[Event Report] SIPLR Conference - IP in the Digital Environment

This Kat was lucky to attend (and be on the panel of) this year’s Stockholm IP Law Review annual conference, which invites prominent speakers in the IP field to discuss current issues of importance. This year’s topic was ‘IP in the Digital Environment (a topic that was certainly of interest to many, with over 250 attendees from all over the world!) 

With speakers including Lord Justice Arnold (Justice of Appeal in the England and Wales Court of Appeal), Judge Stefan Johansson (Judge at the Swedish Patent and Market Court), Karin Cederlund (Partner at Sandart and Partners Advokatbyrå KB), and Eleonora Rosati (Associate Professor at Stockholm University and PermaKat), this event provided fascinating insight into website blocking and what we can (hope to) look forward to in the future in this highly relevant field!

Lord Justice Arnold - ‘Website-blocking injunctions and streaming server-blocking injunctions: the state of the art’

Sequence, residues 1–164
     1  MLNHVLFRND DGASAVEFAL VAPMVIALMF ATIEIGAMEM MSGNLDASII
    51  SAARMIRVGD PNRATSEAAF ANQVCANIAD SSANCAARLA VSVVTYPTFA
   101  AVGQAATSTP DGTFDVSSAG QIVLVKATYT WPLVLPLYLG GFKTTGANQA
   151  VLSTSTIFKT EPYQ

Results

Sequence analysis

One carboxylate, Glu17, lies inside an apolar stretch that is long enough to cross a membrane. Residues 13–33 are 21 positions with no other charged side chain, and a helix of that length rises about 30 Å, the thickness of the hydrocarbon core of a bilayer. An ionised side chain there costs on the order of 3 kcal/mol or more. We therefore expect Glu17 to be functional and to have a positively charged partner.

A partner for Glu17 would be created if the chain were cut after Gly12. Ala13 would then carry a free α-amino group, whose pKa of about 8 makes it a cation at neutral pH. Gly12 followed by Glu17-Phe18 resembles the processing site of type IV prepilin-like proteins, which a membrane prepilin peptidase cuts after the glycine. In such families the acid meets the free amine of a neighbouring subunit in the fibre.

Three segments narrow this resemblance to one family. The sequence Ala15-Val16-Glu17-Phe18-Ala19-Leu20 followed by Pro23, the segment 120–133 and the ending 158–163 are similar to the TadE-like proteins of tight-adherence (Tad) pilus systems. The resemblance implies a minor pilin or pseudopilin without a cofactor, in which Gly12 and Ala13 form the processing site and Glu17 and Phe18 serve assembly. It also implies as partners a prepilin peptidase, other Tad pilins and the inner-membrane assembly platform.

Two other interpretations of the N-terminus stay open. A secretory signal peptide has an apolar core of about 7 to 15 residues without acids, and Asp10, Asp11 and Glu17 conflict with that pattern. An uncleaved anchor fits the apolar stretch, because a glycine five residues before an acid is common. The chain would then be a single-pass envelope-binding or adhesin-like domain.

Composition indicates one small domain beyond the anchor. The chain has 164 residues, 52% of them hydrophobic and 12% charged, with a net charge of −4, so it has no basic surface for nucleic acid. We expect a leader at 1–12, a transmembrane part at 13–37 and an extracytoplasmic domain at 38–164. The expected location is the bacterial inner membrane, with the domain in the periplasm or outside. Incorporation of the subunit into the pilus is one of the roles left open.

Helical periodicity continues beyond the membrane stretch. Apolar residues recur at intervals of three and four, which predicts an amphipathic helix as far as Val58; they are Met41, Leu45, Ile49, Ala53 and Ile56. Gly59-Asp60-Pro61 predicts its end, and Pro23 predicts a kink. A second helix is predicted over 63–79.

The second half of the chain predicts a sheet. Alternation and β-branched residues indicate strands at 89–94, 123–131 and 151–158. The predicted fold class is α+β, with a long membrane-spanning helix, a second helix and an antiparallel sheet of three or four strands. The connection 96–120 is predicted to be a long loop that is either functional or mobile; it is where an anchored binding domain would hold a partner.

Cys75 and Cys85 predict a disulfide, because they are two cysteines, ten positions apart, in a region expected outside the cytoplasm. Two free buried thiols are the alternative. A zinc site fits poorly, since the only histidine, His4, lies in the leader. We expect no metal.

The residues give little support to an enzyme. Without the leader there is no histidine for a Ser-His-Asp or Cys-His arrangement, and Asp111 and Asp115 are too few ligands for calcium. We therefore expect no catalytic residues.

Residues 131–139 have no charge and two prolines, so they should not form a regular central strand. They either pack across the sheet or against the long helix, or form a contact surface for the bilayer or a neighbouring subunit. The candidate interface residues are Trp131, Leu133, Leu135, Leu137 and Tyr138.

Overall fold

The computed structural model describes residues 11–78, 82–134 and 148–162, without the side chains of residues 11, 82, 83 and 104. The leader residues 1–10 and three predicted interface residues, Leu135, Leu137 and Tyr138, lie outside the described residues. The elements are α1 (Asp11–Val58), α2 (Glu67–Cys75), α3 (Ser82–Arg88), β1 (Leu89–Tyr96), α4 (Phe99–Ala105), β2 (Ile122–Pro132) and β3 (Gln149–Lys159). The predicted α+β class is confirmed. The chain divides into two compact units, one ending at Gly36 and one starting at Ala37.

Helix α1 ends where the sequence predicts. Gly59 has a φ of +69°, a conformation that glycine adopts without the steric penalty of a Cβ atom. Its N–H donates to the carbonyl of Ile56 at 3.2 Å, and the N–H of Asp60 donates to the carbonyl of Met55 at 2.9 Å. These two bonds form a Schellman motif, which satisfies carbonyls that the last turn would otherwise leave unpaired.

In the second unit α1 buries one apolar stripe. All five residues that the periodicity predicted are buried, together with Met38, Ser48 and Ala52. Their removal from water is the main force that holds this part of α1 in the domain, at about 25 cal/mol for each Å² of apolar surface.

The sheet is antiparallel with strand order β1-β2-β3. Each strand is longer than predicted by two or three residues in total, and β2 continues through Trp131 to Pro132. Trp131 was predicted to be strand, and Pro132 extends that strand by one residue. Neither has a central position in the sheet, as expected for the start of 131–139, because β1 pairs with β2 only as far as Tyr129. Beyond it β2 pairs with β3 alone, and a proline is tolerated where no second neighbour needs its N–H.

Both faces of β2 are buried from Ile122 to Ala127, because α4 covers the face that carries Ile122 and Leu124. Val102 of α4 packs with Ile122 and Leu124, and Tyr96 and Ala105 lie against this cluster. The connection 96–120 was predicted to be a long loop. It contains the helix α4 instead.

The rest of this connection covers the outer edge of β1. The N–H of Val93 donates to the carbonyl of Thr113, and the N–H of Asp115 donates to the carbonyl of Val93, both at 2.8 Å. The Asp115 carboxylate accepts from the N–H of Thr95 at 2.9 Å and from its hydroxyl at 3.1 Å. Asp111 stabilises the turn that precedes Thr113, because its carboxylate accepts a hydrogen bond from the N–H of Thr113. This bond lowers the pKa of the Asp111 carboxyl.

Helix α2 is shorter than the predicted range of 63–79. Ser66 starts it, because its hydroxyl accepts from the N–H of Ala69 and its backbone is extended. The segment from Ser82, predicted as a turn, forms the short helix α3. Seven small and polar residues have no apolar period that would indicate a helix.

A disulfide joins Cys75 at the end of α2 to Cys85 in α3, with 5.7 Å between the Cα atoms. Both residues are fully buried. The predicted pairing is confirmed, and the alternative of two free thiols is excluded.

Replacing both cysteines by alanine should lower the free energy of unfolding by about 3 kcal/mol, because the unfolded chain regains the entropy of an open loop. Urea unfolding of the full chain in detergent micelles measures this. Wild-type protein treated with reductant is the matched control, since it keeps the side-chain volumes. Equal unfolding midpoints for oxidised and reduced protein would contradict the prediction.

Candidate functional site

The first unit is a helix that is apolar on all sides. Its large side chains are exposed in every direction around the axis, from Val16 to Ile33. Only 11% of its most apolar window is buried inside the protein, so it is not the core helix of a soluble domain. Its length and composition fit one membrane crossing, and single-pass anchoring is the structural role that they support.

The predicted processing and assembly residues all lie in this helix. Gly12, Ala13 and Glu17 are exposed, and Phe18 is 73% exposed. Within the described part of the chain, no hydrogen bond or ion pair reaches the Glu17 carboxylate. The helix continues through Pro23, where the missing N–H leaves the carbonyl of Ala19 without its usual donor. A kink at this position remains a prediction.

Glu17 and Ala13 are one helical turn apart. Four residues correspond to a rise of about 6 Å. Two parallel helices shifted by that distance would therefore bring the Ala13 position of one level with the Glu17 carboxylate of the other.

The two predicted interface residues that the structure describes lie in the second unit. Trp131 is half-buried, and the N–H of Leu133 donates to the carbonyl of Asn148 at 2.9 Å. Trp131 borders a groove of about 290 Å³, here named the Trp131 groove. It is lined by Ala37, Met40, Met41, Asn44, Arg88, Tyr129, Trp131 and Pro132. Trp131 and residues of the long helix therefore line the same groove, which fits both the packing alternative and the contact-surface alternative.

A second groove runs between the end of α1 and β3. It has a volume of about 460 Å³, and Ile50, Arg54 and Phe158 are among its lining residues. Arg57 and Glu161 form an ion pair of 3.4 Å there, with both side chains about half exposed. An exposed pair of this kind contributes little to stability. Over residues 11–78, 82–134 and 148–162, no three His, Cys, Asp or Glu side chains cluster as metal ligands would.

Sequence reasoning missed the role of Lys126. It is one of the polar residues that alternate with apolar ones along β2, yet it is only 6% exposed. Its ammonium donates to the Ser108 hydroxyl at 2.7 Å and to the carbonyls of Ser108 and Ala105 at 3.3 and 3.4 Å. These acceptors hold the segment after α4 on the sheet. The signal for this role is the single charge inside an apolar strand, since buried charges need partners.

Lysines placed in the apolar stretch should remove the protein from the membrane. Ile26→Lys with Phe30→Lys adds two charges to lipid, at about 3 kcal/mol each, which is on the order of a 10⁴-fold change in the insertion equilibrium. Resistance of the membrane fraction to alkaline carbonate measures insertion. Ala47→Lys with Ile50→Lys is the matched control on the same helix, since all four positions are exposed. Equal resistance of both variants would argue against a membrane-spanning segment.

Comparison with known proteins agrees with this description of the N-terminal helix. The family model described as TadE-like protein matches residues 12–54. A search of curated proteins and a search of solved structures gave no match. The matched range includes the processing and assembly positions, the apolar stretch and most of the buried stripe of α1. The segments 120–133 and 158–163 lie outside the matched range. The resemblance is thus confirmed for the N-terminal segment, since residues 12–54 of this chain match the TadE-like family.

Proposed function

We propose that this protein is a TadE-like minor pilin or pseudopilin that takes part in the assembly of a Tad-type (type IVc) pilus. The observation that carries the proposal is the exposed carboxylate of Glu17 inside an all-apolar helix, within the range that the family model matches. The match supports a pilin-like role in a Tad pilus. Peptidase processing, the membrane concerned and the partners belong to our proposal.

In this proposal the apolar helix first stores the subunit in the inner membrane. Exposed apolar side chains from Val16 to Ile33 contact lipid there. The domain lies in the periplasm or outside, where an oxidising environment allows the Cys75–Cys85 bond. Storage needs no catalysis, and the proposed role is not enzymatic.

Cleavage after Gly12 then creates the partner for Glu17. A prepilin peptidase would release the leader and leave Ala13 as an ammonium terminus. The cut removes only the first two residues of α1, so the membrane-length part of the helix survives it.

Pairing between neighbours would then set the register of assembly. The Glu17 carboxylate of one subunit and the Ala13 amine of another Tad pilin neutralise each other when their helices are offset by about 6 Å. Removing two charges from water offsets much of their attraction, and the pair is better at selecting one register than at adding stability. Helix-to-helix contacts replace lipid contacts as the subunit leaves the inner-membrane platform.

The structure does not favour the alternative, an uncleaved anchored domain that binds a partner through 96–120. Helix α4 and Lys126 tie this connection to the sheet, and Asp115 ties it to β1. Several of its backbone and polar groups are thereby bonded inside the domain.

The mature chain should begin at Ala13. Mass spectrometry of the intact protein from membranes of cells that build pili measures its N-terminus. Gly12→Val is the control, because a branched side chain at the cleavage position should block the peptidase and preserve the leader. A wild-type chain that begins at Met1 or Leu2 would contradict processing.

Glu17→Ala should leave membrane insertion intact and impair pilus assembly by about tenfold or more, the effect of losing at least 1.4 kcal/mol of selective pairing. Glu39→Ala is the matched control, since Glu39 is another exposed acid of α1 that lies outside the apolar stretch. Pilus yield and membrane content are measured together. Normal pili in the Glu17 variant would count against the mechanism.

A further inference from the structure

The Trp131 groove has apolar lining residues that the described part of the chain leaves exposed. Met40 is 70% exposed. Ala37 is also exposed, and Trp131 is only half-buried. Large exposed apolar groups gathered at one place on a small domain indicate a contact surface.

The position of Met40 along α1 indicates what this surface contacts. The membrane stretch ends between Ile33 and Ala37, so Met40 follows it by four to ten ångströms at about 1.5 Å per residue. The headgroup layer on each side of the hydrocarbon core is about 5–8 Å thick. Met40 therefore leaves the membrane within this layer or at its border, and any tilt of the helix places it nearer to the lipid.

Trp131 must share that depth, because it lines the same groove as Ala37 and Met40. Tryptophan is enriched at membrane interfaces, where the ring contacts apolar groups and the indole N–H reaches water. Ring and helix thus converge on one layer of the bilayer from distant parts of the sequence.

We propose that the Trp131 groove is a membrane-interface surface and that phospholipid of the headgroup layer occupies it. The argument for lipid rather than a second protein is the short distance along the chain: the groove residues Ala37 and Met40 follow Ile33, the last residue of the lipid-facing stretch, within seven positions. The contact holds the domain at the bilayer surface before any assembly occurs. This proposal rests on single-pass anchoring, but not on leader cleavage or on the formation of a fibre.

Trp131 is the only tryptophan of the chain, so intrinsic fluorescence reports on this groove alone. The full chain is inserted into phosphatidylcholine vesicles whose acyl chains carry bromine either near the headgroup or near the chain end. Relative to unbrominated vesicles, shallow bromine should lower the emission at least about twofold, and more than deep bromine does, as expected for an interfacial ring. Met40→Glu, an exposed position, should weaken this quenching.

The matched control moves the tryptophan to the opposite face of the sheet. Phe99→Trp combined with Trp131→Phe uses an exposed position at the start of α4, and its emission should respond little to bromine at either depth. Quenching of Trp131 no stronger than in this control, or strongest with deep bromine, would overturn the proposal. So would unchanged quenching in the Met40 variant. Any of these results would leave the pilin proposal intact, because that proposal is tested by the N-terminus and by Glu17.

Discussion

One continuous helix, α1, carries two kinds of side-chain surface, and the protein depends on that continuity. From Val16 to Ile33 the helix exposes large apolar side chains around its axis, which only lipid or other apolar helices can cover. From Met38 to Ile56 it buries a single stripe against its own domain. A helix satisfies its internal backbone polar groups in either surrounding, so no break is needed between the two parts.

The event’s keynote speaker Lord Justice Arnold kicked things off with an overview of the different types of liability in the UK, looking also at the legislative basis for intermediary liability in the EU and the UK. Lord Justice Arnold recapped the current position in England and Wales with regards to website-blocking, noting 20th Century Fox v BT (Newzbin 2) wherein he granted the first such injunction in 2011, and the first application and injunction in relation to trade marks in Cartier v Sky. With regards to the latter case, Lord Justice Arnold examined the eight criteria set out for an injunction to be granted, looking in particular into proportionality with regards to the nature of the technical measures adopted and the various procedural safeguards to be incorporated. He also examined the question of who should pay the costs of implementing such orders, as tackled by the Supreme Court in Cartier v Sky, before moving on to look at how website blocking injunctions have been extended to non-IP cases, as in the case of Nintendo v Sky (see IPKat here). Lord Justice Arnold also addressed the topic of injunctions requiring ISPs to block streaming servers, as in the case of FAPL v BT, of course acknowledging the possibility for dynamic injunctions, and noted the latest chapter on website-blocking in the UK (as of last month) in Matchroom v BT (see IPKat here), where Mr Justice Birss agreed to a further blocking order, after a previous order had come to the end of its sunset clause (with the decision also addressing confidentiality of the terms of the order).